Current and Future Developments in Surgery

Volume: 1

Gastro-oesophageal Reflux Disease

Author(s): Aminah Khan and Sami M. Shimi

Pp: 189-232 (44)

DOI: 10.2174/9781681086576118010011

* (Excluding Mailing and Handling)


Pathological gastro-oesophageal reflux is multifactorial chronic disorder with increasing prevalence. Incompetence of the physiological anti-reflux mechanisms at the gastro-oesophageal junction results in this reflux and the cardinal symptoms are heartburn and regurgitation as well as a host of extra-oesophageal manifestations. Severe chronic GORD results in prolonged oesophageal acid exposure and to the development erosive esophagitis, deep ulcers, strictures and Barrett's oesophagus. The goal of treatment for GORD is to control symptom control, to heal any oesophagitis and to improve the quality of life. Acid suppression represents the mainstay of medical treatment for GORD. Proton pump inhibitors provide symptomatic relief and healing of erosive oesophagitis in over 80% of patients. Surgical intervention aims to provide a curative reconstruction of the anti-reflux barrier at the GOJ and should be considered in patients with continuing or drug-refractory GORD. Anti-reflux surgery has shown greater resolution of reflux symptoms and oesophagitis compared to medical therapy. Currently laparoscopic total or partial fundoplication is the gold standard for surgical intervention. The most common post-operative complications are gaseous bloating, dysphagia and diarrhoea. A number of novel therapies, such as the LINX and Esophyx, have shown promise in achieving good symptomatic relief by correcting pathological reflux and possessing a better side-effect profile than surgical fundoplication.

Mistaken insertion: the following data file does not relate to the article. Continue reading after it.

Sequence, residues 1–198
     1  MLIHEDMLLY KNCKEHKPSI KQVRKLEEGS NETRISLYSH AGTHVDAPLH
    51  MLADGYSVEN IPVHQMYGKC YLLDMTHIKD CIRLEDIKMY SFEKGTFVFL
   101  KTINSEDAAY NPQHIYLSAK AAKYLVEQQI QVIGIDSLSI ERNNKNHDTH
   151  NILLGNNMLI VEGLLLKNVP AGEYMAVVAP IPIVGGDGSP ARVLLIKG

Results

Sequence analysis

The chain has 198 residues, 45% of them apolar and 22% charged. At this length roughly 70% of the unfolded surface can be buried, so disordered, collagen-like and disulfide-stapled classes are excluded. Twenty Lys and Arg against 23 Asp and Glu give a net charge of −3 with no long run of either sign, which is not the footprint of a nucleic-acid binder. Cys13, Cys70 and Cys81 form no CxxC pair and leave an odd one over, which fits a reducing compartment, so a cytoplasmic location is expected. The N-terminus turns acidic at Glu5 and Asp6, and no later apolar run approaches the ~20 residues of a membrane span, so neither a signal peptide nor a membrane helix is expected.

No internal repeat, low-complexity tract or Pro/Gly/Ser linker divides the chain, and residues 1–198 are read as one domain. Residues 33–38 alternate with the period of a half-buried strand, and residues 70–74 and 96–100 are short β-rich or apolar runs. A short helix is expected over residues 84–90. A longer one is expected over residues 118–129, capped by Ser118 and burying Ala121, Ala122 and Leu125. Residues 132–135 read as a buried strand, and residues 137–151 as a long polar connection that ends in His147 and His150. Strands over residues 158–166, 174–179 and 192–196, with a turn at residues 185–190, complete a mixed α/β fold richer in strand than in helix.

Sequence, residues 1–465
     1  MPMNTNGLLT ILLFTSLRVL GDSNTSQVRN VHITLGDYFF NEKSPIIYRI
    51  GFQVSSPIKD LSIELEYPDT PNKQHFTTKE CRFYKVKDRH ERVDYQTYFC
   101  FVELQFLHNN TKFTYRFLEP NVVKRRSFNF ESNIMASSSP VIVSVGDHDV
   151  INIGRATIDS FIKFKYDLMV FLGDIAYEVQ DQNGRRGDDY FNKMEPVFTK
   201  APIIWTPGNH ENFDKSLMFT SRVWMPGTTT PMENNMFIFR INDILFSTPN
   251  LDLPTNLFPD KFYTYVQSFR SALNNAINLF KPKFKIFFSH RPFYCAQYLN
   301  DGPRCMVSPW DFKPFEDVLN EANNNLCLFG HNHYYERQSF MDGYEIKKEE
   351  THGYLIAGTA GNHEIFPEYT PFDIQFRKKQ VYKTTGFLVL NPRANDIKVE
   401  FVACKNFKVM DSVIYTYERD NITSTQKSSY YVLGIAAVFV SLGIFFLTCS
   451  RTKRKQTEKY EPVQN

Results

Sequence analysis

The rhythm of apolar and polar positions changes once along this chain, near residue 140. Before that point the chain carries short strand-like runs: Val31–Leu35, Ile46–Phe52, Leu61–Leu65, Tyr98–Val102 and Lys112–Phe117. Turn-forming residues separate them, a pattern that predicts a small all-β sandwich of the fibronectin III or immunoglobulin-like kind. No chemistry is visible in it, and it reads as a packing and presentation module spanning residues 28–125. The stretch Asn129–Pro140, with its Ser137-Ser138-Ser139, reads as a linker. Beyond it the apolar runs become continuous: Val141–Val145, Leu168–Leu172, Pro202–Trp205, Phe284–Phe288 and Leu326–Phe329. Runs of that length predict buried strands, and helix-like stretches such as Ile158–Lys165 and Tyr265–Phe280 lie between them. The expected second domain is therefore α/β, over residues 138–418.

Keywords: GORD, Reflux, Hiatus hernia, Oesophagitis, Oesophageal strictures, pH metry, Impedance, Proton pump inhibitors, Fundoplication, Oesophageal lengthening.

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